d. Land Combat Operations Dimension. Land combat continues to be the salient feature of combat and is the primary function of the battalion task force. Land combat usually involves destroying or defeating enemy forces or taking land objectives that reduce the enemy's willingness to fight. Four characteristics distinguish land combat: scope, duration, terrain, and permanence.
(1) Scope. Land combat involves direct and indirect combat with an enemy throughout the depth of an operational area. Forces conduct simultaneous and sequential operations in contiguous and noncontiguous AOs. Commanders maneuver forces to seize and retain key and decisive terrain. They use the elements of combat power to defeat or destroy enemy forces.
(2) Duration. Land combat is repetitive and continuous. It involves rendering an enemy incapable or unwilling to conduct further action. It may require destroying him.
(3) Terrain. Land combat takes place amid a variety of natural and manmade features. The complexity of the ground environment contrasts significantly with the relative transparency of air, sea, and space. Plans for land combat must account for the visibility and clutter provided by the terrain and the effects of weather and climate.
(4) Permanence. Land combat frequently requires seizing or securing terrain. With control of terrain comes control of populations and productive capacity. Thus, land combat makes permanent the temporary effects of other operations.
e. Information Dimension. Decisive operations historically have been enabled by information superiority. Information superiority provides commanders with accurate, timely information that enables them to make superior decisions and act faster than their adversaries. Information superiority, derived from intelligence, surveillance, and reconnaissance (ISR); information management (IM); psychological operations (PSYOP); and information operations (IOs), provides a common framework for how to plan, task, and control assets; how and where to report information; and how to use information. The information environment also includes information derived from nongovernmental individuals and organizations, such as the media, that produce and disseminate information that affects public opinion that can alter the conduct and perceived legitimacy of military operations.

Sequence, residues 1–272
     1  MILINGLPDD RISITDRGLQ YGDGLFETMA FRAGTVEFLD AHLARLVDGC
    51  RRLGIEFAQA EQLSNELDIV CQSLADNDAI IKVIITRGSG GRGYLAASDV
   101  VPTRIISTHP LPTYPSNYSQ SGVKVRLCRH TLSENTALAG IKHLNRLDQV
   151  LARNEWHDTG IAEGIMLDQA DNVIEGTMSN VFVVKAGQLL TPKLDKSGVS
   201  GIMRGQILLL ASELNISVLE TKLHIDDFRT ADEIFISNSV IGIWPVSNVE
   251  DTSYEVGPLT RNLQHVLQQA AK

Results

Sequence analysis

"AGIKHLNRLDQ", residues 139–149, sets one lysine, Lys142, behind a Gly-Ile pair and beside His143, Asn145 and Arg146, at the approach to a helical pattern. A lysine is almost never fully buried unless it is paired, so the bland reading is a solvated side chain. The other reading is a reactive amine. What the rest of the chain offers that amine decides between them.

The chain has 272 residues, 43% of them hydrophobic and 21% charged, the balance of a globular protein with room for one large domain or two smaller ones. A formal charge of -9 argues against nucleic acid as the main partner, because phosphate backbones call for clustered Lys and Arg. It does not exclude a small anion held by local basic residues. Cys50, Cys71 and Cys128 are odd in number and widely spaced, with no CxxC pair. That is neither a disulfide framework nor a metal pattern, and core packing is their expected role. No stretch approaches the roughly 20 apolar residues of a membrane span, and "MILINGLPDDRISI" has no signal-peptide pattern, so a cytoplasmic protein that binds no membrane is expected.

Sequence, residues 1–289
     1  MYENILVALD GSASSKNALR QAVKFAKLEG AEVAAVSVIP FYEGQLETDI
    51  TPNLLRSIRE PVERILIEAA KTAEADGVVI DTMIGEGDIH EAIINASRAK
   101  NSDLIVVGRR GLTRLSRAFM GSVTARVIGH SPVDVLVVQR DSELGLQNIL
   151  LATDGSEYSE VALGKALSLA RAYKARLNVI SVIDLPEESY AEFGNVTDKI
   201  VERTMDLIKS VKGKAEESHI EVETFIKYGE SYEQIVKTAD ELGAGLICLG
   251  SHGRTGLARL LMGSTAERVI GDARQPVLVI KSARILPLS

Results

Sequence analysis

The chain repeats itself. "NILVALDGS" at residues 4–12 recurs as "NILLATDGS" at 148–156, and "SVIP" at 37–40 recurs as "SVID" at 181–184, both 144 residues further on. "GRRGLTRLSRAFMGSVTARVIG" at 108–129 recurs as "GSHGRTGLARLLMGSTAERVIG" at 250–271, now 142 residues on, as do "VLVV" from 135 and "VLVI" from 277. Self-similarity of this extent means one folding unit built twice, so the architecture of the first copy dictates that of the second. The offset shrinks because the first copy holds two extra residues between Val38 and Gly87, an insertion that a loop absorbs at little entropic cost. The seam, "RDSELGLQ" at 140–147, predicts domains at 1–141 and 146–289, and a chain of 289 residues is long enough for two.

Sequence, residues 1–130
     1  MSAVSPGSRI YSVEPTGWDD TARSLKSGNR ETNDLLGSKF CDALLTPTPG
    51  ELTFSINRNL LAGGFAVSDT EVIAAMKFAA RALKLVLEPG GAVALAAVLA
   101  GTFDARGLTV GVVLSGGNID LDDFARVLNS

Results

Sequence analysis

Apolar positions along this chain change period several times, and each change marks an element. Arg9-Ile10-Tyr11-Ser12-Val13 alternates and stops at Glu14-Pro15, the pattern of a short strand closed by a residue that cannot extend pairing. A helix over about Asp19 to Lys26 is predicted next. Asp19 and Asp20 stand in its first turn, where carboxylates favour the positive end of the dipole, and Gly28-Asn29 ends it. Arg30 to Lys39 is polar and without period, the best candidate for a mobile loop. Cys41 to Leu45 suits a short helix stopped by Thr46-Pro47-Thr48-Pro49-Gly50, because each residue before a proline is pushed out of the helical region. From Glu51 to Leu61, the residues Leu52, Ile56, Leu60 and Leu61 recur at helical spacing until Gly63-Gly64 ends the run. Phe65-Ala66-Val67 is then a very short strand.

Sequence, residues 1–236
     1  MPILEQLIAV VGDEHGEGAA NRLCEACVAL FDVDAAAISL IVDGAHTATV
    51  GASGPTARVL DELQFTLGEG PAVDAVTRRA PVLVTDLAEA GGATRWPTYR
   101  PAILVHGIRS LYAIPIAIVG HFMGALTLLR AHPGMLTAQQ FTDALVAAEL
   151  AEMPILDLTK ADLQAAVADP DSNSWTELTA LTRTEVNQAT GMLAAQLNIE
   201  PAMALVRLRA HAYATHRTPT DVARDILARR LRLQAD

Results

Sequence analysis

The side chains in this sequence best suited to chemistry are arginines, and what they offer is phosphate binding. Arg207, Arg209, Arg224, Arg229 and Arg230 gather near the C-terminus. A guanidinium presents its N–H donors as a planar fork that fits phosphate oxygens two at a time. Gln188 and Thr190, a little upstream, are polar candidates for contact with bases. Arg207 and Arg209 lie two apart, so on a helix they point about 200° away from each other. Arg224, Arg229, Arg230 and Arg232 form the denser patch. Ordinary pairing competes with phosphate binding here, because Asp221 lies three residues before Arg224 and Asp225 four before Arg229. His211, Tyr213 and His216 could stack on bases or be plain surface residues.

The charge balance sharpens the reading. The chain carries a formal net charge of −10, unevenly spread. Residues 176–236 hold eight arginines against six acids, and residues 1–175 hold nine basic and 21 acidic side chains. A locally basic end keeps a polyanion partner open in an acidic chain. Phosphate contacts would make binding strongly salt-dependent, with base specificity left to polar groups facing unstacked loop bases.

(1) IOs are the actions taken to enable, enhance, and protect the friendly force's ability to collect, process, and act on information to achieve an advantage over enemy forces. A successful IO program will effect our adversaries' decision-making processes, information, and information systems while defending our friendly decision-making processes, information, and information systems.
(2) Units conduct IOs across the full range of military operations from operations in garrison, through deployment to combat operations, and continuing through redeployment upon mission completion. Information operations include both offensive information operations and defensive information operations (Figure 1-1). IOs provide commanders with essential tools for protecting their organizations and systems. The overall force objectives are linked with higher headquarters objectives. IO objectives support these overall objectives and may be designated as high as the National Command Authority (NCA) and supported by several echelons of command. Available resources define what the forces can accomplish. The TF may have PSYOP personnel supporting it in order to assist the commander. The target audience may include enemy forces, the local population, and or displaced personnel moving through, or residing in, the area. PSYOP messages oriented to the local situation can be developed and produced using previously approved themes and objectives.
Figure 1-1. Information operations.
f. Technological Dimension. Technology enhances leader, unit, and soldier performance and impacts how Army forces plan, prepare, and execute full-spectrum operations in peace, conflict, and war. Technology has significantly increased our ability to conduct ISR operations, and it greatly enhances the ability to conduct battle command through modern telecommunications and microprocessing. Munitions are increasingly lethal and target acquisition systems are more precise. The proliferation of advanced technology systems requires the commander to integrate the capabilities of highly modernized organizations and less-modernized and multinational units. Additionally, commanders must also realize that they do not have a monopoly on advanced technology. Even adversaries lacking any research and development program can purchase sophisticated systems in the global marketplace and gain selected parity or superiority to US systems.